Friday 9 December 2016

Wales make history as they qualify for first major tournament in 58 years

Published 10/10/2015 | 21:49

Wales manager Chris Coleman is held up by his players as they celebrate after qualifying for UEFA Euro 2016
Action Images via Reuters / Matthew Childs
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Wales manager Chris Coleman is held up by his players as they celebrate after qualifying for UEFA Euro 2016 Action Images via Reuters / Matthew Childs Livepic EDITORIAL USE ONLY.

Wales will end a 58-year wait to play at a major tournament at Euro 2016 next summer despite suffering a 2-0 defeat to Bosnia-Herzegovina.

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Chris Coleman's side did it the hard way in losing 2-0 to Bosnia-Herzegovina in Zenica, Milan Djuric and Vedad Ibisevic netting second-half goals as Wales slipped to a first defeat of their Group B campaign.

But Cyprus' 2-1 win in Israel stamped their passport to France and Wales will take their place at a major tournament for the first time since the likes of John Charles and Ivor Allchurch were gracing the 1958 World Cup.

Gareth Bale started his first game since damaging a calf playing for Real Madrid on September 16, but he was not at his sharpest on a night when Wales needed only a point to secure qualification for themselves.

Wales' players celebrate after they qualified for Euro 2016 following their qualifying soccer match against Bosnia in Zenica October 10, 2015. REUTERS/Dado Ruvic
Wales' players celebrate after they qualified for Euro 2016 following their qualifying soccer match against Bosnia in Zenica October 10, 2015. REUTERS/Dado Ruvic

Bosnia's record goalscorer Edin Dzeko only made the bench after a recent knee problem and the former Manchester City striker's absence was sorely felt as the hosts were largely toothless throughout.

Wales had the safety net of group minnows Andorra's visit to Cardiff on Tuesday to secure qualification, but Coleman had promised to take the game to a Bosnian side who still harboured hopes of a play-off place with Israel two points above them going into the final two rounds of matches.

But Coleman was aware that Wales were capable of utilising the pace of Bale and Hal Robson-Kanu and picking off Bosnia if the hosts over-committed going forward.

It was a tactic which almost paid off as early as the third minute when Aaron Ramsey released Bale and his ball to Robson-Kanu was just about cut out with the Reading man in tap-in territory.

However, Bosnia were also giving their passionate supporters plenty of encouragement with Roma playmaker Miralem Pjanic keen to get on the ball.

The ball had to be changed after appearing to go flat and the new one was almost to Wales' liking as Bale found space down the left.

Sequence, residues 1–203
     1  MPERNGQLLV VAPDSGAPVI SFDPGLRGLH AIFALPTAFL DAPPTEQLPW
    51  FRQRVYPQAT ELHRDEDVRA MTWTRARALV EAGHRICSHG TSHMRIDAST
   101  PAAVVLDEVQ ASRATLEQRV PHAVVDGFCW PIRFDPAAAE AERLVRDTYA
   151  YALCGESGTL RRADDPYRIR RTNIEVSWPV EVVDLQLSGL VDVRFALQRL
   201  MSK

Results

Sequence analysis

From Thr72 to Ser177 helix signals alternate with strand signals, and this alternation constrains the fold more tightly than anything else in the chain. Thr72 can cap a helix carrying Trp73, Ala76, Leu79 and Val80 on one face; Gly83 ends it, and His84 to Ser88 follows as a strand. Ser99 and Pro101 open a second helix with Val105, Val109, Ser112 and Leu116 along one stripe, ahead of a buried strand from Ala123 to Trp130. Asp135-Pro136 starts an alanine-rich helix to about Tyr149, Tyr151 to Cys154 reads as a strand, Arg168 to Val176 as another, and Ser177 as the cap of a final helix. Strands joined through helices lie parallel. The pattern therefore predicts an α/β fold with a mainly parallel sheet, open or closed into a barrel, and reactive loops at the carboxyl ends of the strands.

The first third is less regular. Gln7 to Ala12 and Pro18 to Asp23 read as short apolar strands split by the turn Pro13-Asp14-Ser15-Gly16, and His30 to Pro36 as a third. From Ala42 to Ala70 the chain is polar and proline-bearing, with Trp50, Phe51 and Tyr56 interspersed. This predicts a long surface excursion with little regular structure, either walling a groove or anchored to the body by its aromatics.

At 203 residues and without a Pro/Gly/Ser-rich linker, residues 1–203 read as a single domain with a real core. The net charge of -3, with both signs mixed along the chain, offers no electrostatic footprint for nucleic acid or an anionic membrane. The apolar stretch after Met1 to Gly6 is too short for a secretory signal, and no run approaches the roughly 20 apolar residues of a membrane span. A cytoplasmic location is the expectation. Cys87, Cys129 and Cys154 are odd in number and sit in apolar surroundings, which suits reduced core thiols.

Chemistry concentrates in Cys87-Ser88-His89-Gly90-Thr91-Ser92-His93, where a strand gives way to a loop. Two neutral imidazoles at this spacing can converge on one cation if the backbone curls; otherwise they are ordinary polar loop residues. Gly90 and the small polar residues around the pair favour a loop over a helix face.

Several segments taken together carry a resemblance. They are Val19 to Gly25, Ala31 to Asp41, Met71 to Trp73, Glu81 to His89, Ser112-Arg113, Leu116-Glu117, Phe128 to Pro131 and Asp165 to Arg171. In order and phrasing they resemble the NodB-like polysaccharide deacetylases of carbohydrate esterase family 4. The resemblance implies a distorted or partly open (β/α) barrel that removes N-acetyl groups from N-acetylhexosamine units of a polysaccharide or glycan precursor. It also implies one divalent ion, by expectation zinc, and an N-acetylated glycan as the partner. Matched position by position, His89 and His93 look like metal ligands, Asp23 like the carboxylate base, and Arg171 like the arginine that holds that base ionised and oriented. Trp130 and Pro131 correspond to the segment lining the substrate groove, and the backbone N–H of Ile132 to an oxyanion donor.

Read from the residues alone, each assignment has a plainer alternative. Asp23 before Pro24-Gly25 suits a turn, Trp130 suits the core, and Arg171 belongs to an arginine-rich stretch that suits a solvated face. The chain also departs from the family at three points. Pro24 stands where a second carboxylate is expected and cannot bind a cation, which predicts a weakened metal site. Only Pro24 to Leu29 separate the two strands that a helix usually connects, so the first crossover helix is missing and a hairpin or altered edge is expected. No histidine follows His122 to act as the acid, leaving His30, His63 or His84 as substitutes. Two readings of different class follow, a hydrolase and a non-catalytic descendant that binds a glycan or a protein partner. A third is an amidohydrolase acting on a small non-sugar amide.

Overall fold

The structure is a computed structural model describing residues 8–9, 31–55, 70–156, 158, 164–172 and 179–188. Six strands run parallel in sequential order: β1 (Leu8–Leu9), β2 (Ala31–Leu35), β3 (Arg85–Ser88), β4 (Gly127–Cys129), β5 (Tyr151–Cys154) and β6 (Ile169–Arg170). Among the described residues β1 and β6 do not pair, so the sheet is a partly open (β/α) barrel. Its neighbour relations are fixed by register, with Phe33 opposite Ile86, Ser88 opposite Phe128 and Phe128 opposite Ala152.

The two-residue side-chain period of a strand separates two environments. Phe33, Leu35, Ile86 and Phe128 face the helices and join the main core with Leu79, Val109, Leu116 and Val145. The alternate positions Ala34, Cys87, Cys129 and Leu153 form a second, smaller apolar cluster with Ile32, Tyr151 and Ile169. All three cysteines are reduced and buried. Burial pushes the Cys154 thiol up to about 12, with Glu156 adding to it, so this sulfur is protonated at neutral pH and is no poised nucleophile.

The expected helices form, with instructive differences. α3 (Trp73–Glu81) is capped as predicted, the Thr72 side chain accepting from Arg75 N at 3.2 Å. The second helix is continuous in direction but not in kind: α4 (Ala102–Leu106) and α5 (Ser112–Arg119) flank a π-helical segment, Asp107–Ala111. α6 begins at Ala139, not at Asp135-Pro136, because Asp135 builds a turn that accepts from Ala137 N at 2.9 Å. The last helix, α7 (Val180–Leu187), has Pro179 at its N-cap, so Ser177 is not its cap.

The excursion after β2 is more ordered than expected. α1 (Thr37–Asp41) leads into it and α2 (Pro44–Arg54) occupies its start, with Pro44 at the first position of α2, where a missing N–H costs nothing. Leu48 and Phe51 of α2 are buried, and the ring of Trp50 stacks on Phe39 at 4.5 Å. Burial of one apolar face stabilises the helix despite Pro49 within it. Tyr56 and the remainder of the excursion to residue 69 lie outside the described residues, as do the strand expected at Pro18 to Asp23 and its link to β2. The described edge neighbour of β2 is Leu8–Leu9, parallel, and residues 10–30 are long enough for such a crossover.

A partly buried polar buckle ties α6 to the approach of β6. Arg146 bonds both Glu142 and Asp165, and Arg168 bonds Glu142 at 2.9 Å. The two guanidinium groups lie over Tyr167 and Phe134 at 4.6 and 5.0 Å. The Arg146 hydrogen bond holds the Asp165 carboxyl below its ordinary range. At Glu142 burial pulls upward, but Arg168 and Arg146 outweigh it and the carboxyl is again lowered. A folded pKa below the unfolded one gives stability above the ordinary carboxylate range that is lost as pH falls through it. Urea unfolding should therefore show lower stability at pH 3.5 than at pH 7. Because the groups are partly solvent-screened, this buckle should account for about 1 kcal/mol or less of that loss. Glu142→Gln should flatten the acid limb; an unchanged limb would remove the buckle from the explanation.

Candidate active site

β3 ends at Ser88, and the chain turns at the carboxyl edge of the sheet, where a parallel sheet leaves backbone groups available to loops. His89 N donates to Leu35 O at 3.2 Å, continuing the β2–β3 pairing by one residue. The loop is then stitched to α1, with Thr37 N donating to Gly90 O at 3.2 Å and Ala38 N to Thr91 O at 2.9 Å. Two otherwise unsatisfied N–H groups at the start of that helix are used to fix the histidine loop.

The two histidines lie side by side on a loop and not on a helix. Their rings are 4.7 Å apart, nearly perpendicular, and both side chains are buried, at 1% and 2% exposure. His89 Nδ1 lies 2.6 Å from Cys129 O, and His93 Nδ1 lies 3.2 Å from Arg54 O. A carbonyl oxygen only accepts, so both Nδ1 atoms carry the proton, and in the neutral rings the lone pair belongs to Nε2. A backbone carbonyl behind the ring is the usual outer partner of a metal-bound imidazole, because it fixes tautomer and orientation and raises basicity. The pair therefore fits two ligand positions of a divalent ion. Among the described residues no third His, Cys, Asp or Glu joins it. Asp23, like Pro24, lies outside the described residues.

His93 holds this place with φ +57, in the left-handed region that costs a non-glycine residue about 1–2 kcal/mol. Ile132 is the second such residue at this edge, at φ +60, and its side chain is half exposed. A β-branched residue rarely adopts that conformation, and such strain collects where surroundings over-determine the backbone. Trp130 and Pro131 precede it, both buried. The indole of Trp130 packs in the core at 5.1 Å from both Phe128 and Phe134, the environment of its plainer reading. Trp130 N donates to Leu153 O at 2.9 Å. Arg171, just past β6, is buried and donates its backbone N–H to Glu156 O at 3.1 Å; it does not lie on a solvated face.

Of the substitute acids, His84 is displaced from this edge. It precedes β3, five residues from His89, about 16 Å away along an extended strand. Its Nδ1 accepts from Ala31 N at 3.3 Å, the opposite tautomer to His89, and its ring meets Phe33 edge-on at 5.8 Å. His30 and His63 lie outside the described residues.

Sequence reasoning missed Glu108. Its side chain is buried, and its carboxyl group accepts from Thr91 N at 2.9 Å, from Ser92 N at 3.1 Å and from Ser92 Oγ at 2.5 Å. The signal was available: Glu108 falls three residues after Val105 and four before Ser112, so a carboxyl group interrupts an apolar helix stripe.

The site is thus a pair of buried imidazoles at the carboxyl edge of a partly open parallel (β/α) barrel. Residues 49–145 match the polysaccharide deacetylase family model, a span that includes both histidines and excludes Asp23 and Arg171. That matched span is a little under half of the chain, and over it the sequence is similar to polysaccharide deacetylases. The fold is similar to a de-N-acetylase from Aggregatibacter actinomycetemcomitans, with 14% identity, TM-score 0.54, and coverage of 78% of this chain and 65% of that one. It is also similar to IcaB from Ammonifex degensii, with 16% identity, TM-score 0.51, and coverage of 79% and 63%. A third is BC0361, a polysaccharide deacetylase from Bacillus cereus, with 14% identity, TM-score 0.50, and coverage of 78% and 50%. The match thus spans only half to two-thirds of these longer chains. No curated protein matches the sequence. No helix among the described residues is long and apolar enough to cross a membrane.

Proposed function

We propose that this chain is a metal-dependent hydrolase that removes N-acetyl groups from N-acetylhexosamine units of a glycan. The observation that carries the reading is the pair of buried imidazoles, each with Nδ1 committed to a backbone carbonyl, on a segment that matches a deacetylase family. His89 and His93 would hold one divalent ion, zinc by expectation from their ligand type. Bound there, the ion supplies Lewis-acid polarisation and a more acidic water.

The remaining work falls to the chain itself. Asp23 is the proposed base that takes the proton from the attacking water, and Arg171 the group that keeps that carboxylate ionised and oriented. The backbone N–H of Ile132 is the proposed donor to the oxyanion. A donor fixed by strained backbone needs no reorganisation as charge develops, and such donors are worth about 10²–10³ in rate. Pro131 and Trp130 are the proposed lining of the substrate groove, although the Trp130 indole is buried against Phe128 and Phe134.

Bale delivered an inviting cross in what might be termed as the corridor of uncertainty between defenders and goalkeeper but Robson-Kanu was unable to latch on to it.

Senad Lulic tried to inject some urgency into Bosnia's play with a forceful run but Ashley Williams ensured it came to nothing before Ramsey broke forward with menace and Bale sent a free-kick at Asmir Begovic in the Bosnian goal.

Wales' Gareth Bale (L) and teammates celebrate after they qualified for Euro 2016 following their qualifying soccer match against Bosnia in Zenica October 10, 2015. REUTERS/Dado Ruvic
Wales' Gareth Bale (L) and teammates celebrate after they qualified for Euro 2016 following their qualifying soccer match against Bosnia in Zenica October 10, 2015. REUTERS/Dado Ruvic

Begovic had more to worry about at the end of the half when Ramsey bore down on his goal but the chance went begging with Neil Taylor penalised as the ball ran close near to the line.

Pjanic caused some panic among the Wales defence after the re-start but Williams snuffed out the danger and Bosnia were still struggling to place the visitors under any meaningful pressure.

They were also served warning that they could not relax at the back when Bale raced into Taylor's ball and showed Toni Sunjic a clean pair of heels before firing over.

There was a growing anxiety among Bosnian supporters but the news from Israel was good for both them and the Welsh contingent, with Cyprus having taken the lead in Jerusalem.

Wales' Aaron Ramsey, Wayne Hennessey, Gareth Bale and Joe Ledley celebrate after qualifying for UEFA Euro 2016
Action Images via Reuters / Matthew Childs
Livepic
EDITORIAL USE ONLY.
Wales' Aaron Ramsey, Wayne Hennessey, Gareth Bale and Joe Ledley celebrate after qualifying for UEFA Euro 2016 Action Images via Reuters / Matthew Childs Livepic EDITORIAL USE ONLY.

Bosnian fans were demanding the entrance of Dzeko, who was warming up, and there was little to excite them on the pitch until substitute Djuric struck with 19 minutes remaining.

Skipper Williams, for once, missed a free-kick directed into the Wales penalty area and Djuric looped a header over Wayne Hennessey and under the crossbar.

It got worse for Wales with news of an Israel equaliser and they pushed forward themselves in search of a leveller.

But they conceded a second in the final minute when Ibisevic turned home Djuric's cross from close range.

By then, however, the 700 or so visiting fans were celebrating as news filtered through of Cyprus' victory to kick-start the biggest party Welsh football has ever known.

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